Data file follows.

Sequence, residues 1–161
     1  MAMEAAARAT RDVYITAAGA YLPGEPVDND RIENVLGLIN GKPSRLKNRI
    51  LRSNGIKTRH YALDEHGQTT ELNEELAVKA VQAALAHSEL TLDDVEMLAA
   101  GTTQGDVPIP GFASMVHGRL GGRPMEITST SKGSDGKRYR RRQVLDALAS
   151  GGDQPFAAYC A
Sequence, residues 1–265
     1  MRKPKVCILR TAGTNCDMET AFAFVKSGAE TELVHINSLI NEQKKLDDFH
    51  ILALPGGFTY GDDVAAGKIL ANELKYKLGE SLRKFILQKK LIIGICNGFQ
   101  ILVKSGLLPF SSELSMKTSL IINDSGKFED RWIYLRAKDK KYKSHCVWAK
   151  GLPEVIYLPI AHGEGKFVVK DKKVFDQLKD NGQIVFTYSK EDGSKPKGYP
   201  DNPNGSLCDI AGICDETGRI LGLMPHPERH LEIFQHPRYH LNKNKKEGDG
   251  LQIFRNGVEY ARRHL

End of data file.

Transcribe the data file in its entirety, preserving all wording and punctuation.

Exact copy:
Sequence, residues 1–161
     1  MAMEAAARAT RDVYITAAGA YLPGEPVDND RIENVLGLIN GKPSRLKNRI
    51  LRSNGIKTRH YALDEHGQTT ELNEELAVKA VQAALAHSEL TLDDVEMLAA
   101  GTTQGDVPIP GFASMVHGRL GGRPMEITST SKGSDGKRYR RRQVLDALAS
   151  GGDQPFAAYC A
Sequence, residues 1–265
     1  MRKPKVCILR TAGTNCDMET AFAFVKSGAE TELVHINSLI NEQKKLDDFH
    51  ILALPGGFTY GDDVAAGKIL ANELKYKLGE SLRKFILQKK LIIGICNGFQ
   101  ILVKSGLLPF SSELSMKTSL IINDSGKFED RWIYLRAKDK KYKSHCVWAK
   151  GLPEVIYLPI AHGEGKFVVK DKKVFDQLKD NGQIVFTYSK EDGSKPKGYP
   201  DNPNGSLCDI AGICDETGRI LGLMPHPERH LEIFQHPRYH LNKNKKEGDG
   251  LQIFRNGVEY ARRHL